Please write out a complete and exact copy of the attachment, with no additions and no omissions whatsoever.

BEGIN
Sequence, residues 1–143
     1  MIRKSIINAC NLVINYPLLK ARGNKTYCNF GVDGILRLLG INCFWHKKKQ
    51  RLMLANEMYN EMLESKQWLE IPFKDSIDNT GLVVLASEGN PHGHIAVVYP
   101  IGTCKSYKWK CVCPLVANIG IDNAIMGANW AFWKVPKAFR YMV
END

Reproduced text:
Sequence, residues 1–143
     1  MIRKSIINAC NLVINYPLLK ARGNKTYCNF GVDGILRLLG INCFWHKKKQ
    51  RLMLANEMYN EMLESKQWLE IPFKDSIDNT GLVVLASEGN PHGHIAVVYP
   101  IGTCKSYKWK CVCPLVANIG IDNAIMGANW AFWKVPKAFR YMV